A federal judge has summarily rejected a request from a tiny Northwest Florida pari-mutuel to reconsider his decision in a legal battle between the Seminole Tribe and the state about gambling at tribal casinos.
More than a month after U.S. District Judge Robert Hinkle ruled in favor of the Seminoles, Gretna Racing in Gadsden County sought in December to intervene in the long-running case.
Hinkle's ruling in November allowed the tribe to continue offering "banked" card games, such as blackjack, at most of its casinos.
The ruling addressed issues related to "designated player" card games, also known as "player banked" games, that have been offered in recent years at pari-mutuel facilities across the state. Hinkle ruled that the games violate a 2010 agreement that gave the Seminoles exclusive rights to conduct blackjack and other banked games.
Part of the 2010 agreement authorizing banked card games expired in 2015, prompting the legal dispute. By ruling that the designated-player games violated the agreement, Hinkle cleared the way for the tribe to continue offering blackjack and the other games.
Pari-mutuels --- allowed by state law to conduct games only in which players compete against each other --- first launched the designated-player games in 2011. Florida gambling regulators approved a rule governing the games in 2014.
The state's lawyers insisted that the games, in which a player acts as the "bank," do not violate the Seminole agreement --- also known as a compact --- or state law, even if the manner in which they are being played at some cardrooms might.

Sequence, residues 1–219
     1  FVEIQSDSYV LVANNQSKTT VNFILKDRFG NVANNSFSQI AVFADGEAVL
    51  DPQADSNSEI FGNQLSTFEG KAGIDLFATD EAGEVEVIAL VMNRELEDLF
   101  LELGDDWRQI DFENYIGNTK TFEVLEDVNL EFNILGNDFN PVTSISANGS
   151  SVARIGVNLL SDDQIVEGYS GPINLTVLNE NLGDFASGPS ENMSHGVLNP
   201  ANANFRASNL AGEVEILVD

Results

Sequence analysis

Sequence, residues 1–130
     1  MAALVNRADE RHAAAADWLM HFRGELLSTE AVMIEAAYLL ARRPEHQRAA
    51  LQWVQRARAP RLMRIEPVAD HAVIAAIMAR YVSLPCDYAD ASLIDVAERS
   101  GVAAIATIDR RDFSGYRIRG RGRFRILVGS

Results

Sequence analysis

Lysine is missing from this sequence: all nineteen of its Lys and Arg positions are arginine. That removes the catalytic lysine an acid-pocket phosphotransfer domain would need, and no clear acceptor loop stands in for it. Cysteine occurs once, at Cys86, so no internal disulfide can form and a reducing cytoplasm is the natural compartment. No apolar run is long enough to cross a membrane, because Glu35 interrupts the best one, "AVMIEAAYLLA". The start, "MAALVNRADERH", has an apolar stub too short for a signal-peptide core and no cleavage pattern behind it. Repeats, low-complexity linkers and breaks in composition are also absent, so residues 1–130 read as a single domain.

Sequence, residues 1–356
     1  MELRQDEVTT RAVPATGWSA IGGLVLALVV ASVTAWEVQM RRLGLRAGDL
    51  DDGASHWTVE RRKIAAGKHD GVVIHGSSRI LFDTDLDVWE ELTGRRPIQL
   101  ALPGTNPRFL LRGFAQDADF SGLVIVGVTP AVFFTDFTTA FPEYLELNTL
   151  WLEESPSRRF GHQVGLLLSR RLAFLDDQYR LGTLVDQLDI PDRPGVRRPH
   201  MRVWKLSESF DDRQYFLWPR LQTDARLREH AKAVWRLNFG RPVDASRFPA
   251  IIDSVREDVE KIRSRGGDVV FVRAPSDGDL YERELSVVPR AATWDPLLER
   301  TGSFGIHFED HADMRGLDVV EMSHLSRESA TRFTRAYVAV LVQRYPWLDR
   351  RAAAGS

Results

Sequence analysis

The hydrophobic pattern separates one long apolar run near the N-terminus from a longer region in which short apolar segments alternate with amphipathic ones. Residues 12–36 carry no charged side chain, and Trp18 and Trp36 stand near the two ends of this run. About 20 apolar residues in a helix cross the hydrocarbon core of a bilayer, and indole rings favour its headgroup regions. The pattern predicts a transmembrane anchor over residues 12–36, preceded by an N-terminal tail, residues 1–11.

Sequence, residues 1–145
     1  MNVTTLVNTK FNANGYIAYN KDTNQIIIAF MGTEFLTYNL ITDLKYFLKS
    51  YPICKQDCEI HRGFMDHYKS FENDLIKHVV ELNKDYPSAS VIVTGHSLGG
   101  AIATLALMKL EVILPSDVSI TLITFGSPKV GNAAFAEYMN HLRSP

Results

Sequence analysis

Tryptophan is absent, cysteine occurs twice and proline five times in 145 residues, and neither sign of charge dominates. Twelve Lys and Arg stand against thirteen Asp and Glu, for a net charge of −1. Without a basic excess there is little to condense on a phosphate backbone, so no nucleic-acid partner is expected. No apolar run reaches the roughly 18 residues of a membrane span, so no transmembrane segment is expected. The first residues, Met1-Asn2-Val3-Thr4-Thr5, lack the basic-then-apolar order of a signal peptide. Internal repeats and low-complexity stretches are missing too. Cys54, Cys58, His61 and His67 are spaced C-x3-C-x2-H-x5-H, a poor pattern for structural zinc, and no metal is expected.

But Hinkle, siding with the tribe in his November order, disagreed.
"The essential feature of a 'banked' game is this: The bank pays the winners and collects from the losers," he wrote.
Gretna is among the numerous pari-mutuel cardrooms in the state that offer the player-banked games, which have eclipsed traditional poker in popularity.
In a motion filed on Dec. 15, lawyers for Gretna argued that Hinkle's ruling could put the small facility and its operators at risk.
"Any form of player banking … could be construed to be a crime subjecting Gretna's officers to potential criminal prosecution and possible imprisonment," wrote attorneys David Romanik and Marc Dunbar, who are also part-owners of the Gadsden County facility.
But on Wednesday, Hinkle --- who last month also turned down a request by lawyers for the state asking the judge to revamp his decision --- flatly refused to reconsider his order, saying Gretna had no right to intervene in the case.
"And even if Gretna could have qualified for permissive intervention on a timely application --- not an obvious proposition --- I would exercise my discretion to deny intervention at this late date as both untimely and otherwise inadvisable," Hinkle wrote in the two-page order.
Meanwhile, Gretna is awaiting a decision from the Florida Supreme Court in a lawsuit filed after state gambling regulators refused to grant the track's request for a slot machines permit.
Gretna sought the permit after Gadsden County voters approved a referendum allowing slots at the pari-mutuel.
The Gretna case is focused on whether gambling operators can add slots if county voters give the go-ahead, even without the express permission of the Legislature. The court's decision could have far-reaching implications: Voters in seven other counties --- Brevard, Duval, Hamilton, Lee, Palm Beach, St. Lucie and Washington --- have also approved slots at local pari-mutuels.
Amid the legal wrangling, Gov. Rick Scott's administration and the tribe are again trying to negotiate a revised compact after the Legislature last year failed to approve an accord. Senate President Joe Negron, R-Stuart, recently told reporters that he has made it a priority to get a compact ratified, a move that would require legislative authorization.
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